How a Newark charter school has transformed my son's life | Opinion

By Star-Ledger Guest Columnist
on December 12, 2015

By Natasha Levant

Monday, I am headed to Trenton along with over 100 other charter school parents just like me from all over New Jersey to talk with lawmakers about my child.

My goal is to speak with any legislator who I know will be making decisions about charter schools next year – including a bill in the New Jersey Legislature that would impose a moratorium on charter school expansion in the state – and making sure that they know about my son. He is a 13-year-old, African-American boy growing up in Newark whose future is bright because he attends North Star Academy Charter School—an Uncommon School that is not only preparing him for college and beyond, but working with me as a parent to instill the character and responsibility he needs to be successful.

I want to stress, especially to those lawmakers who have never stepped foot inside a charter school but who may be making decisions about them, that my son is not an easy child. I've heard people who are just not knowledgeable swear up and down that charter schools take only the best kids or encourage the troublemakers or kids with special needs to leave.

My son is the poster kid of the child that people say doesn't exist in charter schools.

Just the other day, I got a phone call from my son using his teacher's phone at 10 a.m. He was anxious and having a tough time at school and needed a pep talk from me. His teacher knew this, so she made time for him to call me, and soon he was back at work. That's not an example of a school making it hard for young black boys. That's a school ensuring that its black boys get what they need to be successful and grow.

My son has an IEP (individualized education plan) for a non-specific learning disorder. He has a tough time with comprehension. He has trouble expressing himself. He's smart, but sometimes the words form in his head and he just can't get his thoughts out. When that happens, he gets frustrated and shuts down. He may act out. He may get angry. But his teachers know this and not only accept it, they are ready with different ways to talk him through it and bring him back to positive behavior as quickly as possible so he can get back to his schoolwork.

His teachers know that building him up is the most important way for him to feel and be successful. So I often get a bunch of phone calls telling me how well he did in school that day. They will call me to say "Ms. Levant, he had a superb day—he raised his hand in class," or "He worked really hard on his project and presented it to the whole class." Don't get me wrong, I get the calls when he's acting out, too. But they know well the Frederick Douglass saying that it is easier to build strong children than to repair broken men.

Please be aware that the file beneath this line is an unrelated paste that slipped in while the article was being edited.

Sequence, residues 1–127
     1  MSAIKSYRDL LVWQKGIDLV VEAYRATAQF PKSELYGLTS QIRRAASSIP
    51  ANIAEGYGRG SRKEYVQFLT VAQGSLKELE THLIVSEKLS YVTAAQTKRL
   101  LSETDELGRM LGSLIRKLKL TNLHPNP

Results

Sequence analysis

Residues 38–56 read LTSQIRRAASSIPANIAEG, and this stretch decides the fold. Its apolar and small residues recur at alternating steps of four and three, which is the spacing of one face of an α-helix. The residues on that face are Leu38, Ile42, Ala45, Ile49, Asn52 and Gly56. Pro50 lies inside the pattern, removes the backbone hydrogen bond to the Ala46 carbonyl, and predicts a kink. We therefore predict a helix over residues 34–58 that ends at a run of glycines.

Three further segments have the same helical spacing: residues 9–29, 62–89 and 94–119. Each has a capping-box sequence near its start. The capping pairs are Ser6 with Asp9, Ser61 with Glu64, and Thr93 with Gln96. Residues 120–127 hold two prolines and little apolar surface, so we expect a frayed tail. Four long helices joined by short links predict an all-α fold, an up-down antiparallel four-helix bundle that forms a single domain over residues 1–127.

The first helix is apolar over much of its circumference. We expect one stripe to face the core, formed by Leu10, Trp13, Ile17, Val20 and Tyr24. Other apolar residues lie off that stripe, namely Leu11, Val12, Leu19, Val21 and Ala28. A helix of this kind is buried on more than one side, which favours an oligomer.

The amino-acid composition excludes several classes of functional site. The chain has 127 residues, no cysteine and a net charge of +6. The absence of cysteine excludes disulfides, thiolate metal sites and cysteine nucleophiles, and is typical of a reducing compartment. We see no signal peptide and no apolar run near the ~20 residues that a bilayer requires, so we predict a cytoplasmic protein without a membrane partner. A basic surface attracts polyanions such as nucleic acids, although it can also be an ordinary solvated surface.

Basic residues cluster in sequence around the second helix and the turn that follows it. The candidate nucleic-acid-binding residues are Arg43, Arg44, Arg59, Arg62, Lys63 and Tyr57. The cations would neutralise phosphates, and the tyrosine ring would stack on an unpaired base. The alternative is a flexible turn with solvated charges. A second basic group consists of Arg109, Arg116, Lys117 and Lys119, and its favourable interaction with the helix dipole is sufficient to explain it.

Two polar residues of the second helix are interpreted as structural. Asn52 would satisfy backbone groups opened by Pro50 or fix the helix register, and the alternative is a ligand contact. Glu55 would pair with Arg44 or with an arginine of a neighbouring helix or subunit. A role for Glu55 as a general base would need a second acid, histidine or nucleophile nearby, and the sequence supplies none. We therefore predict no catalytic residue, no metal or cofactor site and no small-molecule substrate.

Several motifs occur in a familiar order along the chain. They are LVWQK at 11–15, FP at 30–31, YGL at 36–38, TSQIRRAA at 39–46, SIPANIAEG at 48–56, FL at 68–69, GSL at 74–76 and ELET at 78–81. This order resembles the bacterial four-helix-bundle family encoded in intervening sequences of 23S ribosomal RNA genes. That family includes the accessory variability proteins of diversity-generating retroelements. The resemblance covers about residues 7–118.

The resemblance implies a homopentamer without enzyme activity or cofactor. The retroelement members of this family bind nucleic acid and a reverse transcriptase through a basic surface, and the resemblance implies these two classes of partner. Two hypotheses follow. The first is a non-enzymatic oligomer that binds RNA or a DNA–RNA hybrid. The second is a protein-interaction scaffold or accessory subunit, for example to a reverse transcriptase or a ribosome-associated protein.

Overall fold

I couldn't ask for better teachers. It has simply amazed me how teacher after teacher has invested in my son—when he is good and especially when he is bad. They simply never give up on him. Not only do I appreciate all the supports my son gets, I know that he's in a high-quality school – our students did better than the state's economically advantaged students on the most recent PARCC exams.

I understand deeply how much a school like North Star means to Newark. I have an older son who was at North Star, but many years ago, I let him transfer in 9th grade to a school that at the time had more sports. It was a terrible mistake. His sister stayed at North Star and has since graduated from college. But my older son didn't finish high school on time, and though he eventually got his high school degree, he didn't go to college and now has a part-time job that doesn't make ends meet. It was a painful lesson for both of us—a school like North Star can change lives.

So what do I want to say to elected officials on Monday? I know you have been hearing from certain groups that you should put a moratorium on charter growth. Come visit my child's school. Meet my child, meet his teachers. And until you do, please don't even think about making a decision that will affect his life and the life of thousands of others just like him.

Natasha Levant is a resident of Newark and mother of five.

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